N ary infix operators that defer application of f allow s <append> s2 <append> s3 to run as efficiently as possible. But doing that cleanly might be hard.

Not sure what inline is intended to do above.

For an interesting test case, implement (std::future<T> %then% [](T)->U)->std::future<U> (where that lambda is a placeholder for a functor)

Block some copy and move ctors to prevent persistance, and friend the approriate operators.

As noted, I allowed arbitrary binary operators (chosen when you make_infix) to bracket the named operator: the precidence of the resulting named operator exactly matches the bracketing operators. So +append+ has precidence of + and *in* has precidence of *. Of the 3 first use cases (lin alg, container append, then) for two of them the named operators where variants of existing operators, and matching their precidence seemed useful.

• inline is there to make this ODR compliant. I’m never sure whether templates actually need this (non-templates definitely do) but always adding it doesn’t hurt. Thanks for the feedback, those are some interesting ideas. – Konrad Rudolph Feb 27 '13 at 9:11
• @KonradRudolph templates are always inline (except perhaps for extern templates which nobody uses). – rightfold Feb 27 '13 at 21:53
• @Zoidberg (fully) specialized template functions do need inline apparently. And it is harmless elsewhere... – Yakk Feb 27 '13 at 22:07
• @KonradRudolph So, I edited the original post to include a dozen-line named operator library that uses ADL and tags. struct op_tag {}; static named_operators::make_operator<op_tag> op; then invoke( lhs, op_tag, rhs ) is called when the lhs *op* rhs happens in an ADL-enabled context. Means you don't need to use a function object, and you have full overload machinery available: someone can even overload your operator in their own namespace for their own types. It seems much cleaner than the single function object approach. – Yakk Mar 18 '15 at 16:12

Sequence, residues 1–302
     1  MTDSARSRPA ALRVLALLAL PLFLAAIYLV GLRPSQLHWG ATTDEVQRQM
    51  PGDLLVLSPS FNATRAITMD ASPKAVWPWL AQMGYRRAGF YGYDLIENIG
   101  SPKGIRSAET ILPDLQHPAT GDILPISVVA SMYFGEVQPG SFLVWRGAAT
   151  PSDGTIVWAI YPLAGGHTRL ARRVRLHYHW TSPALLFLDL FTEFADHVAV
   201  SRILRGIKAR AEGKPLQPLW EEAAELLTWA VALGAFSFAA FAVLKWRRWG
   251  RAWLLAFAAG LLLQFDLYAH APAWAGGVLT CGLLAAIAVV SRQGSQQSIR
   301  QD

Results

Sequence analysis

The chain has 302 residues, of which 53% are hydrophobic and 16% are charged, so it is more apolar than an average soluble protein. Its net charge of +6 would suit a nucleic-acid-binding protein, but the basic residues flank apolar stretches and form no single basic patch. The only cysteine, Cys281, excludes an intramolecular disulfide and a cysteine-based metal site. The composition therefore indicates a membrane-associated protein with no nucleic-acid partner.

• I like your solution so much. I have felt the need for named operators. However a problem with this is that autofomatters (e.g. clang format) will mess up the nice a <op> b into a < op > b. The only thing I found that keeps the white spaces as indented are increment/decrement operators: a --op-- b. Any other solutions? – bolov May 7 at 12:44

I'm not a language lawyer (merely a dabbler), but the idea is interesting, and I'm quite fan of the brakets <op> flavor of the named operator.

This would make the following code possible:

c = a <op> b ;                // your code
c = !op> a ;                  // asymmetrical prefix named operator
c = --op> a ;                 // symmetrical prefix named operator
c = a <op-- ;                 // symmetrical suffix named operator


I had a (nostalgia-based) preference for !, but there aren't a lot of available operators in C++ that can be symmetrical, and -- and ++ are high in priority order.

In the other hand, simple function calls already do that nicely (but for the suffix notation):

c = !op> a ;                  // asymmetrical prefix named operator
c = op(a) ;                   // function notation

c = --op> a ;                 // symmetrical prefix named operator
c = a <op-- ;                 // symmetrical suffix named operator


... Is there a domain where writing --op> alongside would be cleared than writing op() alongside ?

If yes, then aren't unary operators definitely needed?

• “... Is there a domain where writing --op> alongside would be cleared than writing op() alongside ?” — I think that’s the crux of the question, and I’m not sure that’s the case (although I can think of potential situations, such as matrix transposition). – Konrad Rudolph Oct 17 '15 at 12:09